Much of the credit for this dizzying spectacle must go to the game’s visuals. The world is realised in luxurious monochrome, with Running Man’s stark black and white outfit thrown into relief against the sombre grey hues of the background. Small visual effects are captivating and effective: the screen shakes, silhouettes of gigantic robots thud by in the distance, flocks of John Woo-esque doves take flight as you blitz past. The end result is a world that feels alive and complete; a world you enjoy spending time in. That Captain Atomic (I’m not going to let that go) could create such a rich universe in so short a time, with so few resources, is deserving of praise indeed.
The character design of Running Man is similarly excellent. Like Miyamoto’s original Mario, he is a triumphant marriage of necessity and aesthetics. The jacket billowing behind him that adds verisimilitude to the aerial acrobatics, his little white socks that not only delineate his shoes from his trousers but also give him the appearance of a hip fifties greaser–through some witchcraft the handful of pixels that make him up come together to form a man who is undeniably slick.
The joyous animation certainly plays a role in this. The frenetic pace of the running, the flailing limbs, that forward roll (action hero rather than toddler at the park style) when you land from height, all help conjure a manic sense of urgency and barely controlled chaos that infuses the entire game.
Add top class audio effects and a brooding techno soundtrack by Danny B (oh come on, I’m trying to sound cool saying “brooding techno soundtrack” like I know what I’m talking about, and you’re spoiling it by laughing at me. It’s like secondary school all over again) … And now you’ve ruined my flow! Anyway, as I was saying … Add tippety top class audioscaping and that dirty electro krunk shit by Danny B into the mix, and you have an experience that tells me one thing: when evil robotic overlords assault our cities and force us to flee for our lives, it’s going to be the cat’s pajamas.
The other major factor in Canabalt’s success lies with the delicacy and intelligence of the game design. From the speed/length of gap ratio to the frequency that killer drills and other obstacles appear, each coding decision is balanced to perfection. Every player death, no matter how infuriating, can only be blamed on one person: the player. There are no bumbling AI routines, no cheating thirteen year olds on the other side of an internet connection. Just you, and your useless, useless reflexes. The game often produces scenarios that are unfair, but what’s key is they are never impossible–or at least they wouldn’t have been if you’d just jumped earlier, or not jumped, or hit the chair a rooftop back to slow you down and give you more time to think, or dodged all the chairs and gained momentum …
The game world is procedurally generated on the fly to a degree based on your input–gaps are calculated according to your speed, which gradually builds but can be knocked back by hitting obstacles–and because of this you sense in every situation an element that was your own doing. In each fiendish moment the game throws at you, you are aware it was partly your own actions that took you there. This feeling of, if not control, at least culpability, is liberating. “My bad,” you think. “I’d better be more careful next time.”
And there always is a next time. The button to “retry your daring escape,” you see, is the same button you use to jump–the only button you ever press, in fact, and the one your finger is still hovering above. All you have to do is push down.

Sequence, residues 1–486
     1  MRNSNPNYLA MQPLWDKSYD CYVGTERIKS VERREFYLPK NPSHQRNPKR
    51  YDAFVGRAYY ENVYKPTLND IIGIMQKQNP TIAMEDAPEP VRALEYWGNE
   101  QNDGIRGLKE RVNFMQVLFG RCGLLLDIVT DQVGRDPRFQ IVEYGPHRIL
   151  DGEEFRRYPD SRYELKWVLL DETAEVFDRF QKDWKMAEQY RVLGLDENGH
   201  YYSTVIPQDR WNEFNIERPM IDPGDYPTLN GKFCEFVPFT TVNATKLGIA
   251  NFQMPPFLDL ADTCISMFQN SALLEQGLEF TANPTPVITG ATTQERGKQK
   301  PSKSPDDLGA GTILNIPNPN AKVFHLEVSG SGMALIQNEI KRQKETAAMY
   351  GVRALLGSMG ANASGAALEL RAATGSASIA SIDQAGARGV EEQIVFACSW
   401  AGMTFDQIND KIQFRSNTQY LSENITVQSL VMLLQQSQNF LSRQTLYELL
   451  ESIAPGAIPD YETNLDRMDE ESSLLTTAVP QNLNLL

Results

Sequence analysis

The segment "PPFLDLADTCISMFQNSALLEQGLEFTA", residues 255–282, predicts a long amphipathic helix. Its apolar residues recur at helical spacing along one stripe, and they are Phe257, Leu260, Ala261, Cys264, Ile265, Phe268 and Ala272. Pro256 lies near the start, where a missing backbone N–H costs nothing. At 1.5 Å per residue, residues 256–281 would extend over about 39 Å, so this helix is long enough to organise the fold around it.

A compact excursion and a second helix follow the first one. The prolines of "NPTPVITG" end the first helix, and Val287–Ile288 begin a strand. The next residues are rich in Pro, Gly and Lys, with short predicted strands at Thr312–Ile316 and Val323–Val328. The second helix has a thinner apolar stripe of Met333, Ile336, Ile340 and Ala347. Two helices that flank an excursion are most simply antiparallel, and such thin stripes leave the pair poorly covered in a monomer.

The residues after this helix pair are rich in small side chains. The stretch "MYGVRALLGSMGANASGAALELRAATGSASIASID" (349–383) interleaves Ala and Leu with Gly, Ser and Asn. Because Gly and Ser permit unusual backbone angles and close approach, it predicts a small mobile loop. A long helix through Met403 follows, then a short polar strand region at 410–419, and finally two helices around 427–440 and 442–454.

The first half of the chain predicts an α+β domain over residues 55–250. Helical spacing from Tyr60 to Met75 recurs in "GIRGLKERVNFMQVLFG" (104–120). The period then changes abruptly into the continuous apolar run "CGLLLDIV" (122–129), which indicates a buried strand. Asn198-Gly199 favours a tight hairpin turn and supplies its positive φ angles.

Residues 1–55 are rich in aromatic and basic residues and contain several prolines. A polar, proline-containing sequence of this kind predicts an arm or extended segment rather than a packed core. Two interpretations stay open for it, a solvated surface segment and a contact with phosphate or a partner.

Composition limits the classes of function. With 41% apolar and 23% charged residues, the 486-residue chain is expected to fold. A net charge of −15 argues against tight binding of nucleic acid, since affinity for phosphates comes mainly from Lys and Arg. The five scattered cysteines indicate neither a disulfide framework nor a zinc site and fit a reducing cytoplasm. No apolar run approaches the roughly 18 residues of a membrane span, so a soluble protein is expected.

This might sound so obvious to be inane, but I’m not so sure. I feel games should do more to streamline our experiences, to remove the pointless frustrations of searching through esoteric menus for retry buttons or forcing us to slog back from arbitrary checkpoints (I’m looking at you GTA you dog!). I’m already angry that I messed up, why are you poking at me in my delicate state with your fiddlesome annoyances?
Here Canabalt soars. The interface is breezy, practically non existent; the downtime is close to zero. It knows how irritated you are when you fail, and it knows that is punishment enough. It simply places a gentle hand on your shoulder, shrugs sympathetically, and in a modest voice tells you it’s ready to go again if you are. Thank you Canabalt. You bet I am.
I’m aware this is easier for smaller, more basic games to accomplish, but I still believe blockbuster developers could learn much from the tightness of something like Canabalt. The design of the game as a whole in fact, coupled with the swift production time (FIVEDAYS!), in my mind points to Atomic having that intuitive knowledge that makes for a true artist. I think I read that he’s now working on a bunch of mobile games (though I’m obviously not prepared to do the research to verify that–I’ve got cheese on toast to make), and if he’s continuing to innovate then that’s great, but I just hope he doesn’t burn himself out in App hell, because he seems like a genuine asset to the indie world, and someone to watch out for. Plus he can crush trains with his bare hands. (That might not be true)
What else to say? Well I haven’t yet mentioned the windows that must be leapt through–malevolent, fiendish bloody bastards that they are. But they’ve been discussed with such eloquence elsewhere I feel little more needs to be said, save that the adrenalin fueled elation of “beating” one meshes with the tactile pleasure of watching particles of glass explode outwards and hearing that satisfying tinkle as shards hit the ground in such a way it has become my favouritest glass smashing experience since Goldeneye 64.
Now you want me to say something critical, don’t you? I can sense it, moronic slave to fair and balanced analysis that you are.
Well alright, but only because I like you. And because there’s still time before my cheese on toast needs turning.
I guess the game stumbles onto the wrong side of the unfair tracks occasionally, like when a killer drill falls onto a rooftop so short you can’t leap it without falling into the chasm beyond, or when you’re running full pelt and progressive drops in height prevent you seeing what you’re jumping towards, though in a sense these niggles are the price you pay for procedurally generated levels.
And I suppose if you hate running games, or little men, or rooftops, you might find cause for chagrin here.
But for the most part Canabalt is a gem of a game–fast and frantic and joyfully crafted. It feels current, yet harks back to the great platformers of yesteryear. It’s free! It’s got stompy robots! You can smash glass! What more do you want?
Ensconced in his solinium powered charging pod, orbiting the earth from his secret HQ stationed far above the atmosphere, Adam Atomic should be proud. He has achieved what all great superheroes strive for. He has used his powers for good.
(P.S. I’m not usually one for competition–inveterate loser that I am–but if you can’t run more than 5838 metres before dying then I’m better at life than you. That’s just a fact.)